An Ugly Dream: Blonde Is Horrifying, And That's The Point

"Christ, what an ugly dream." — Ana de Armas as Marilyn Monroe, "Blonde"

Weeping, near sobbing, near hysterics, in the noir-like shadows of her dressing room, Norma Jeane sits in front of her brightly-lit mirror, desperate and coming completely undone. Her hands clasped in prayer, she begs, "Please come." Whitey, her personal makeup artist, continues to apply color and powder and blush and lipstick to the weeping, drowning woman, assuring her that yes, she's coming. She. The proverbial she. 

They're talking about Marilyn Monroe, of course. And sure enough, in like a cursed wind, like the Angel of Death swooping down like the last plague sent by God, something comes into this small dressing room and grabs hold of Norma Jeane's body. And she's no longer Norma Jeane. The tears dry up, and a big, bright, terrifying smile like a death rictus spreads across her gorgeous face. She utters a small, unsettling laugh that could make your blood run cold. Marilyn Monroe is here. It might as well be a possession scene in a horror movie; the demon god Pazuzu seeping into the room like toxic waste to take hold of this poor, lost woman, turning her from one thing into another. Transforming her before our eyes via some dark, unknowable alchemy. This is "Blonde," Andrew Dominik's nearly three-hour-long, NC-17-rated, lightning-rod for controversy take on the life, sadness, loneliness, and death of a Hollywood starlet. The starlet is, of course, Marilyn Monroe.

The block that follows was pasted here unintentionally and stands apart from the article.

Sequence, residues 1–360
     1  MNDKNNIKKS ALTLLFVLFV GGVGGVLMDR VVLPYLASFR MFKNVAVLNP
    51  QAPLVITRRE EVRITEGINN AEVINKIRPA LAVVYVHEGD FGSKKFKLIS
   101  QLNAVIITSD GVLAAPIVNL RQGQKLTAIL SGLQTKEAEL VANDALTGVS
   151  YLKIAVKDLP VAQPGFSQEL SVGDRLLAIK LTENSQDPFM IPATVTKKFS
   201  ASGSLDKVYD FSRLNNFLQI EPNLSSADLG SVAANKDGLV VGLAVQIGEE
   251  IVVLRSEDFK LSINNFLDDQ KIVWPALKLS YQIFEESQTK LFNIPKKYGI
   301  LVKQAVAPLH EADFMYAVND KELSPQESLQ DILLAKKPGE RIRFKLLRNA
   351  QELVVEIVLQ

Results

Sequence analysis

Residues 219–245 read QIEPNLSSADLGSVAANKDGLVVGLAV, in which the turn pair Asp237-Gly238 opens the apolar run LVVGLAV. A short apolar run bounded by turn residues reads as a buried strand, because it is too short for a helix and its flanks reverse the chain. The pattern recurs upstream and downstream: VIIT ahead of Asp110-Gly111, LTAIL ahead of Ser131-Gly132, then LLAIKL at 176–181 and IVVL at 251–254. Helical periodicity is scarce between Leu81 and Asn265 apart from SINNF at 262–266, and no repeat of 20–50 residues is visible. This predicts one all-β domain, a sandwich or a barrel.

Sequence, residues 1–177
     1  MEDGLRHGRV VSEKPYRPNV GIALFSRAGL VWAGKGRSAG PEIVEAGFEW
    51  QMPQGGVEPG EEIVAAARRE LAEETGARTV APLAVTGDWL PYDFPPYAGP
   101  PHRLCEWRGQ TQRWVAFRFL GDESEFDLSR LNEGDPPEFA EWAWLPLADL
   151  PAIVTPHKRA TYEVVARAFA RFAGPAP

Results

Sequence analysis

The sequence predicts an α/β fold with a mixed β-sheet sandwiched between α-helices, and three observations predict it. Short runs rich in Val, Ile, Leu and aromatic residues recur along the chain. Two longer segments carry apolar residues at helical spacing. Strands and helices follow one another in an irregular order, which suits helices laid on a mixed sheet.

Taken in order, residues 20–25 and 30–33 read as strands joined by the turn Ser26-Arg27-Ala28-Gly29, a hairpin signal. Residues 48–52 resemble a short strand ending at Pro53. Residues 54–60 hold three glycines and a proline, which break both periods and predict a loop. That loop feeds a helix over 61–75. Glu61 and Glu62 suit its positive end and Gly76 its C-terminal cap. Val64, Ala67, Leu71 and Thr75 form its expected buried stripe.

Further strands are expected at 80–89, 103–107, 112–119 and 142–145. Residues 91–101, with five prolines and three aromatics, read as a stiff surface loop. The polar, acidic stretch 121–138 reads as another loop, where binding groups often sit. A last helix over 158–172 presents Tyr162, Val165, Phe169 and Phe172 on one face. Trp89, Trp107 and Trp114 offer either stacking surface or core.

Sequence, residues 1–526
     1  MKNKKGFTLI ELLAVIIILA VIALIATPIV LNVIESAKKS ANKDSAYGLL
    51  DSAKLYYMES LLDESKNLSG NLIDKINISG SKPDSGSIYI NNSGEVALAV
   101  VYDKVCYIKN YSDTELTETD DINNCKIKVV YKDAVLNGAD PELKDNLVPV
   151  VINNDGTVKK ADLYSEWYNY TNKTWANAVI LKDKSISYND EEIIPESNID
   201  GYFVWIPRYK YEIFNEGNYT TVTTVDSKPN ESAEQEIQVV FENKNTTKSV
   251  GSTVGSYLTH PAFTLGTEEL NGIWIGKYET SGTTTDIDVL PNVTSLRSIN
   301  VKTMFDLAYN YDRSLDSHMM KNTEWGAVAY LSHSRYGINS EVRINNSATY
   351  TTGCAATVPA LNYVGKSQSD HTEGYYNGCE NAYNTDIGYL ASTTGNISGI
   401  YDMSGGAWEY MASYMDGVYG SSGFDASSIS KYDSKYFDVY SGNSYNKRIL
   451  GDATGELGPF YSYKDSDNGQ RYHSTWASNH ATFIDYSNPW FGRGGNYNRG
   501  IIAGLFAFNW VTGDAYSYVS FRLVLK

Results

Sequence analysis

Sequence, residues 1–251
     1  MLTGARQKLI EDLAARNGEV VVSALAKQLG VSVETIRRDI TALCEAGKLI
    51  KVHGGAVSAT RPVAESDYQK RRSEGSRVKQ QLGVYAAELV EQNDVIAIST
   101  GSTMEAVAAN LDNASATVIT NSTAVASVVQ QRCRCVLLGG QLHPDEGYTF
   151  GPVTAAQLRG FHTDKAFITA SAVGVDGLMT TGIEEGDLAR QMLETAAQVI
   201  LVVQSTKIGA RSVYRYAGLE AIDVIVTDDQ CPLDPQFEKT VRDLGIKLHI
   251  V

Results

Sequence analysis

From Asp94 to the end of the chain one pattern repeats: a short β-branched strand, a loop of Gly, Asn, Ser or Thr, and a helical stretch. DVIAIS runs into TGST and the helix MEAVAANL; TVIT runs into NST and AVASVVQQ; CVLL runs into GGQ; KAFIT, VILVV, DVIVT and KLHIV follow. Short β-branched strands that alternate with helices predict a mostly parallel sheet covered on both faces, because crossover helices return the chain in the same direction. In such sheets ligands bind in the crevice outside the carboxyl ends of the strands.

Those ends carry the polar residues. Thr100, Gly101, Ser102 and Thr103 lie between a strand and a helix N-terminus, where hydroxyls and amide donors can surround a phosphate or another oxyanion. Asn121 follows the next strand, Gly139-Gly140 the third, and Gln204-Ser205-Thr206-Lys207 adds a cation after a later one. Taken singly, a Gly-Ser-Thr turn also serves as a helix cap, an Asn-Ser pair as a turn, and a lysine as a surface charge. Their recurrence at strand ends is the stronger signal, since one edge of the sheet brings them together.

But don't call "Blonde" a biopic (even though everyone already has). 

Not concerned with being tasteful

New Zealand-Australian filmmaker Andrew Dominik has established himself as skilled at deconstructing and recontextualizing American mythology. With "The Assassination of Jesse James by the Coward Robert Ford," the filmmaker set his sights on the myths of the American West and its malignant, ill-formed hero-worship. The nasty, acidic, hate-soaked "Killing Them Softly" took a sledgehammer to the faulty promise of Obama-era hope and change. And now, with "Blonde," Dominik performs surgery without anesthetic on the glory days of Hollywood and the bombshell image of Marilyn Monore. Perhaps his non-American status is the secret to his success — to really grapple with it all, you have to be an outsider looking in.